When he began his career as a scientist, Paul Wilmes never imagined that his home country would one day become the base for successful research. It was the beginning of the millennium and Luxembourg was still an unknown spot on the global scientific map.
Today, as Associate Professor, Wilmes heads the Eco-Systems Biology research group at the Luxembourg Centre for Systems Biomedicine (LCSB) of the University of Luxembourg after a productive period as an FNR ATTRACT Fellow. With their systems biological methods, his team is studying microbial communities in unprecedented detail.
In 2008, when asked whether he could imagine returning to Luxembourg, Wilmes happened to be in Antarctica. He was on a research expedition at the time while working at the University of California, Berkeley. “Up until then, I hadn’t given a single thought to returning to Luxembourg; there simply weren’t any serious prospects,” Wilmes recollects. “But the interest was there. The idea of helping to build something here did appeal to me.”
From the sewage plant to the patient
In 2010, with the support of the ATTRACT programme of the FNR, Wilmes moved from the USA first to the Public Research Centre Gabriel Lippmann, and then one year later relocated to the LCSB. In the ATTRACT-funded project, Wilmes developed among other things an analytical method for simultaneously identifying and characterising the DNA, transcripts, proteins and metabolites of individual microbes in bacterial communities and other samples. “That kept us busy these last three years, with success,” Wilmes states. “We are the first and only ones in the world to have achieved this to date.”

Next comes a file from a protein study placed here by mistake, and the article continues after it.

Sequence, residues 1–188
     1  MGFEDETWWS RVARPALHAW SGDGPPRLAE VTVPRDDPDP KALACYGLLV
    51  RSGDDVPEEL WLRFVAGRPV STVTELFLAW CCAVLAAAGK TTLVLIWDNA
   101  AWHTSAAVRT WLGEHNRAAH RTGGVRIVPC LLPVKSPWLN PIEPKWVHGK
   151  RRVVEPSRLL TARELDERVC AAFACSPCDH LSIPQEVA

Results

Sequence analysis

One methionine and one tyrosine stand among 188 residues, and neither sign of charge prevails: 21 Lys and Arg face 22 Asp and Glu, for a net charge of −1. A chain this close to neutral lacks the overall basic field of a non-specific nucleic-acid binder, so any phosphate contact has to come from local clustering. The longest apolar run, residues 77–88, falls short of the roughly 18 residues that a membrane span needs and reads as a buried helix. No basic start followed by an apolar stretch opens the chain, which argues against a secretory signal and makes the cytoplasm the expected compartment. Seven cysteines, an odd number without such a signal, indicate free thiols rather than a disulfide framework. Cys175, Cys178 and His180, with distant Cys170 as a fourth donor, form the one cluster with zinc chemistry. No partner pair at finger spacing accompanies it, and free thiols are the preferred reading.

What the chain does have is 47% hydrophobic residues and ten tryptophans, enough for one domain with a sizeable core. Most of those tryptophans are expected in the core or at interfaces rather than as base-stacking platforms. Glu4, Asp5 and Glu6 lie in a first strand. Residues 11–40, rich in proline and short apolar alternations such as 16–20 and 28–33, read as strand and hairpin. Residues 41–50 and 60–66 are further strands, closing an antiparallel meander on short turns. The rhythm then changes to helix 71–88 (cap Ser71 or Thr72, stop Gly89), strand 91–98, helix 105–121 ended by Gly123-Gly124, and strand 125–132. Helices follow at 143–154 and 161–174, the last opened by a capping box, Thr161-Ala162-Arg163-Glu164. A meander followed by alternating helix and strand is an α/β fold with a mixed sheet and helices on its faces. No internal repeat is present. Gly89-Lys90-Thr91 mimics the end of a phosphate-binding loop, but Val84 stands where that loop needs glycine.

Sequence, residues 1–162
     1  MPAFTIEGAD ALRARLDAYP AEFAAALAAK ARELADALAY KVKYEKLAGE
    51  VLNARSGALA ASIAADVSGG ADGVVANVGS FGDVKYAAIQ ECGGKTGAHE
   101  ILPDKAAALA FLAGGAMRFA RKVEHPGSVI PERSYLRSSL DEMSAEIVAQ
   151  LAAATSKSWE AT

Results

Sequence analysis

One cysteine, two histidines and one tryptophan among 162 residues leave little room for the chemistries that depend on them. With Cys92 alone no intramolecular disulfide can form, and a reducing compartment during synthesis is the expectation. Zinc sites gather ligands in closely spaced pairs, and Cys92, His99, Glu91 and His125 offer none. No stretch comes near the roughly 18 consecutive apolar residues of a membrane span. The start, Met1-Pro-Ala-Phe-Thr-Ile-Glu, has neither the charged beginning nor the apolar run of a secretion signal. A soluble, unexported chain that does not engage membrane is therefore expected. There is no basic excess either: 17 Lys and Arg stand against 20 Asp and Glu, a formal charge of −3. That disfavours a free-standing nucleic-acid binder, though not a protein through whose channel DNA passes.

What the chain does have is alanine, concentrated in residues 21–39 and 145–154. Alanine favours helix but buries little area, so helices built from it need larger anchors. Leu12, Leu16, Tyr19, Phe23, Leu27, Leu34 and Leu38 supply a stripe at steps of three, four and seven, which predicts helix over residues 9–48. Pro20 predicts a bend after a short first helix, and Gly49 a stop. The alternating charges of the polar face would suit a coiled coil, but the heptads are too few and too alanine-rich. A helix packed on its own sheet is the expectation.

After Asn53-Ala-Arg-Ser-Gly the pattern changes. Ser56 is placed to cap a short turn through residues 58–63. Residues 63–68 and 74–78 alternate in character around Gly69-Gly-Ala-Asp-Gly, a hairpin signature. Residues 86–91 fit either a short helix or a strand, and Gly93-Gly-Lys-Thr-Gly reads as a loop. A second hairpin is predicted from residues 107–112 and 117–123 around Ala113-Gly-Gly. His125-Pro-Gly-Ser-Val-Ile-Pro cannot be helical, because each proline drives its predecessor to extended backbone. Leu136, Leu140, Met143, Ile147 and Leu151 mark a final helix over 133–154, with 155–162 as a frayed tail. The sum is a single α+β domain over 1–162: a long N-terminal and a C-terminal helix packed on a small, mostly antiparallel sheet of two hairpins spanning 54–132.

The researchers developed the now patented method on fat-accumulating bacteria from sewage plants. “At about 500 different species, the complexity of these bacterial communities is lower than in many other ecosystems, making them very suitable for developing methods,” Wilmes says.
Most recently, the researchers have been applying their methodology in the context of human biology. They are studying, for example, the composition and activity of microorganisms in the gut flora – known in the jargon as the microbiota – in diabetes and cancer patients. “Our aim is to understand this ecosystem well enough in the future to be able to stop adverse developments in disease cases, and to restore a healthy state, say, by modifying the diet,” Wilmes explains.
How do human and microbial cells interact?
For their study, the researchers have also developed a co-culture system for human and bacterial cells – called HuMiX. With HuMiX, the scientists are looking to answer questions such as how human cells are influenced by metabolites from bacteria, or how diet affects the gut microbiota and subsequently human cells. This project was funded through the CORE programme of the FNR. The INTER MOBILITY funding programme has further allowed them to collaborate with researchers of the University of Arizona and of the University of Michigan in the USA. Together, the scientists have shown that a low-fibre diet allows strains of bacteria that break down the mucosa to proliferate in the gut and thus predispose to inflammatory responses.
Paul Wilmes has now been successfully evaluated by international peers and promoted to the position of Associate Professor with tenure at the University of Luxembourg – and sees no reason to leave the country again. “When I look back now at the last five years, I can definitely be happy with what we have achieved here. And I am happy with my decision to have returned to my roots.”